He said that circulation at the newspaper has increased in recent years, though many other newspapers had heavy circulation losses.
Mr. Hussman, who heads the WEHCO publishing chain based in Little Rock, Ark., said newspapers for many years thrived on advertising revenues that provided 80 percent of funds. He said there now are many advertising options and that some of the major advertisers have gone away.
He said due to the major changes in the newspaper business, including challenges from TV, radio, Internet news outlets and other competitors, "we have seen our profits dwindle to unsustainable levels."
Mr. Hussman said, "If you as our readers will support this change, we can continue to have a newspaper that all Chattanooga can be proud of as one of the best in America."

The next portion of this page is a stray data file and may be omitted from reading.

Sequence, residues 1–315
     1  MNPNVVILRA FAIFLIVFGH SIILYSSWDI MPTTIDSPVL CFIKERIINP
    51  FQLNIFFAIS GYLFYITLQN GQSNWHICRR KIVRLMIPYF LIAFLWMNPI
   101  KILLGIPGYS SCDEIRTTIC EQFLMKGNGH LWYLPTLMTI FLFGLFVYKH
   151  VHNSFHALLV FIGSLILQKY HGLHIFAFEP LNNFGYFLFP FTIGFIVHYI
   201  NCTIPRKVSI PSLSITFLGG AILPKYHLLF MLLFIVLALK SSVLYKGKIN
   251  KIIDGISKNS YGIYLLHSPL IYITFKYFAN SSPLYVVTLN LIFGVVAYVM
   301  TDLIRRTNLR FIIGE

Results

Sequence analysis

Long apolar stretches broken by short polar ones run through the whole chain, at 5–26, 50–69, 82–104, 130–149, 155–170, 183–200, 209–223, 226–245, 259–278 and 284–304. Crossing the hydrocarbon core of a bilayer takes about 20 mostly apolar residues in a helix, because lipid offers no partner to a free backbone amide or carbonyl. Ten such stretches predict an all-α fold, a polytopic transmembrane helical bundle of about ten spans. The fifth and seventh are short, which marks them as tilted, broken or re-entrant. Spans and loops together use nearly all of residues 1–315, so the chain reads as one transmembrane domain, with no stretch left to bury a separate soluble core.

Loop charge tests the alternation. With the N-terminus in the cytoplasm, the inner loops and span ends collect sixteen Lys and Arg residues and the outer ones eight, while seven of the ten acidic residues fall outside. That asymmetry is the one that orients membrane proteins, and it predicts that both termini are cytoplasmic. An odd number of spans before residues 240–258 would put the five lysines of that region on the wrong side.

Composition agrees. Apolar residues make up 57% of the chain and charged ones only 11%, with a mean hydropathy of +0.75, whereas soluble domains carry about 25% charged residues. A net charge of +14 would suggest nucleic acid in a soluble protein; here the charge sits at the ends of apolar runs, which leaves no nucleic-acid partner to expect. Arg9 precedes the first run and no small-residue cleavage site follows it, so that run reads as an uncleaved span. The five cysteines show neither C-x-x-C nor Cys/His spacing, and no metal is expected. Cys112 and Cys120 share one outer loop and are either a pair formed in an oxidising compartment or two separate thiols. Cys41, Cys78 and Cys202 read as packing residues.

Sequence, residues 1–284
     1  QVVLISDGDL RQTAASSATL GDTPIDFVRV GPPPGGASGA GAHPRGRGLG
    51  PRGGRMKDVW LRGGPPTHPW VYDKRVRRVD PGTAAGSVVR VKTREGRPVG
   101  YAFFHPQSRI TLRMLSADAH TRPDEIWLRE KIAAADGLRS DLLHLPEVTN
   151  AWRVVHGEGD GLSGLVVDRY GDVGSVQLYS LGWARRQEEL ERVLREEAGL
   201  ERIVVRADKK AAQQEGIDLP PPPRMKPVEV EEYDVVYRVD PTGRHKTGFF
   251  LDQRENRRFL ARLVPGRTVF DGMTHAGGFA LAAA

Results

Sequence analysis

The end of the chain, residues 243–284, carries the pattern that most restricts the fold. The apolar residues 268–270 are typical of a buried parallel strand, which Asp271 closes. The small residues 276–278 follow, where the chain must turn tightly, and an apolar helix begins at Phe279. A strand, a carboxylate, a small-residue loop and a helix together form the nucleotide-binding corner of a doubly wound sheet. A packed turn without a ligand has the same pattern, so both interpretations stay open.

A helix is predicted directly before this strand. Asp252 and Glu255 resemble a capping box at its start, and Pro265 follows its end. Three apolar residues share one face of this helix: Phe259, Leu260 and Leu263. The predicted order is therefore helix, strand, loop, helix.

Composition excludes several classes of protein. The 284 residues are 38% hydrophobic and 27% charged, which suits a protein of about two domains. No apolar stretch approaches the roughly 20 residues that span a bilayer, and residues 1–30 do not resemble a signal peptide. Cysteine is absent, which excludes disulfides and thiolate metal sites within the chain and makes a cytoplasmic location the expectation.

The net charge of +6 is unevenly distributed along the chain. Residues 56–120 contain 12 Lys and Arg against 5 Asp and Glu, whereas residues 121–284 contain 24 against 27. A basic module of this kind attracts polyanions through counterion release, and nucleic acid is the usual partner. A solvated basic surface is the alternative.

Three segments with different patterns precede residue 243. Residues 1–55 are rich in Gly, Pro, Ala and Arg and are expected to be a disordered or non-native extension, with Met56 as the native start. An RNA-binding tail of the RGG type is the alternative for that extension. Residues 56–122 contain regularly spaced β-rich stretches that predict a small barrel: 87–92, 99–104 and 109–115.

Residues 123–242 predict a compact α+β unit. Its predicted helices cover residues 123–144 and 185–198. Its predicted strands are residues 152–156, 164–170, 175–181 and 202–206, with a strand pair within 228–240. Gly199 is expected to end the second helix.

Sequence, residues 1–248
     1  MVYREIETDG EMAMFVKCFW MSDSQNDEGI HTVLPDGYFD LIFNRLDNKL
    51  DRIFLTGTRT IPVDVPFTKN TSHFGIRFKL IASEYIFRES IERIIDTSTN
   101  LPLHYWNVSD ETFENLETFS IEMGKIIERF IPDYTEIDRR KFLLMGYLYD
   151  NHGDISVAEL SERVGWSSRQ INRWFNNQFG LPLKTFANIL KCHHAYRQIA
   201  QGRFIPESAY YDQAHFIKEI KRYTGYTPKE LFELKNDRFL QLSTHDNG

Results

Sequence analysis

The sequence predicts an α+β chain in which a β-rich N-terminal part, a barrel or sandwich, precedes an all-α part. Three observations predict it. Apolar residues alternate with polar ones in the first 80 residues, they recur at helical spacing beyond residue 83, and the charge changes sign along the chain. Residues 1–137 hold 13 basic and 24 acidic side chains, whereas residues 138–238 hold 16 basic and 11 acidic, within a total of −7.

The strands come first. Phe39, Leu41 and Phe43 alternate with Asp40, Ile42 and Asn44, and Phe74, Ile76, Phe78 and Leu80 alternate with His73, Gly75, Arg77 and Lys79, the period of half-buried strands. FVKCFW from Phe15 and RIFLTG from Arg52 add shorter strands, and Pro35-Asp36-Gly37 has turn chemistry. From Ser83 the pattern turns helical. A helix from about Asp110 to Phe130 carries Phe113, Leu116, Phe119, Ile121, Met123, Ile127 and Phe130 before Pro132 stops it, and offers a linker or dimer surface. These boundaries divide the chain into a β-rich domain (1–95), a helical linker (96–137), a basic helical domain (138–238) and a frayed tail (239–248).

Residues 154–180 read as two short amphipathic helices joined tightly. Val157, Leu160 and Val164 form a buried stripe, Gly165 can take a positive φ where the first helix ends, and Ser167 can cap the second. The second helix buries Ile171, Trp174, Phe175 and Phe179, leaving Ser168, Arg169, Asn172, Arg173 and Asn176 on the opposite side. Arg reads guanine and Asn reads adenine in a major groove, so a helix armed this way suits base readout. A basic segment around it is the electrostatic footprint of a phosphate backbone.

In keeping with practice in Little Rock, the letter distributed in Chattanooga didn't specify circulation costs or increases. As noted here before, the Democrat-Gazette has a wide range of subscription prices and they are subject to negotiation. A subscriber who got notice of a subscription price increase of roughly 50 percent in Little Rock, to $273 a year, reports that he called to cancel the subscription in January and was then renewed at last year's rate. The Chattanooga newspaper website puts daily-Sunday home delivery there at $251.88 a year.
NOTED: Hussman has written a similar letter to Democrat-Gazette readers. It appeared in ad form in last weekend's Northwest Arkansas edition.